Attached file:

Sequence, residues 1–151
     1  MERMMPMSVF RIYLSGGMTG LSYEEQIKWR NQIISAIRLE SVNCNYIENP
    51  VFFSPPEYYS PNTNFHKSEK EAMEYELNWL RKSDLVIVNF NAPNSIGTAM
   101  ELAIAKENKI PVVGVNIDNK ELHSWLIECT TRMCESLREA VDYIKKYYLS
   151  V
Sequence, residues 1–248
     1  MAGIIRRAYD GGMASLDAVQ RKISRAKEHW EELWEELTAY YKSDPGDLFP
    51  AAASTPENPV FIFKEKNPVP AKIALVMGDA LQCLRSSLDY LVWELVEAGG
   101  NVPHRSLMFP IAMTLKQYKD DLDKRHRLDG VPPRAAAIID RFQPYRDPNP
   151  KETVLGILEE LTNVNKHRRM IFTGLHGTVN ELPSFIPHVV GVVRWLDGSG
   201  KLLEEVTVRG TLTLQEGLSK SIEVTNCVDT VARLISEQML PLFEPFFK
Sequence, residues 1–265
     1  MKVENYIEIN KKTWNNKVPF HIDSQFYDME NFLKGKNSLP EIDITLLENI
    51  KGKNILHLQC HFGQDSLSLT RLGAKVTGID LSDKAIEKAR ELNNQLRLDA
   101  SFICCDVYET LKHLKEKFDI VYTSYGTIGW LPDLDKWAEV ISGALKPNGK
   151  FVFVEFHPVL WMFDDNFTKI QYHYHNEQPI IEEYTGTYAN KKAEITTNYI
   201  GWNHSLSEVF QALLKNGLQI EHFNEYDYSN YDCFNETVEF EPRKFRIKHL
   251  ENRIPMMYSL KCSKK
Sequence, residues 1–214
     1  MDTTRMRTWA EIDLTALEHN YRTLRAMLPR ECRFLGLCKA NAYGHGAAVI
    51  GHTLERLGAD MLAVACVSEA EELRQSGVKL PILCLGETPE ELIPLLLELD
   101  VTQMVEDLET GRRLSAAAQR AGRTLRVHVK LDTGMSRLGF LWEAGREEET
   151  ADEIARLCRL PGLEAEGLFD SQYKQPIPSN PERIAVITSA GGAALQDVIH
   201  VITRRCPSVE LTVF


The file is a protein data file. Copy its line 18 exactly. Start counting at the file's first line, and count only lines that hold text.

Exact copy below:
   251  ENRIPMMYSL KCSKK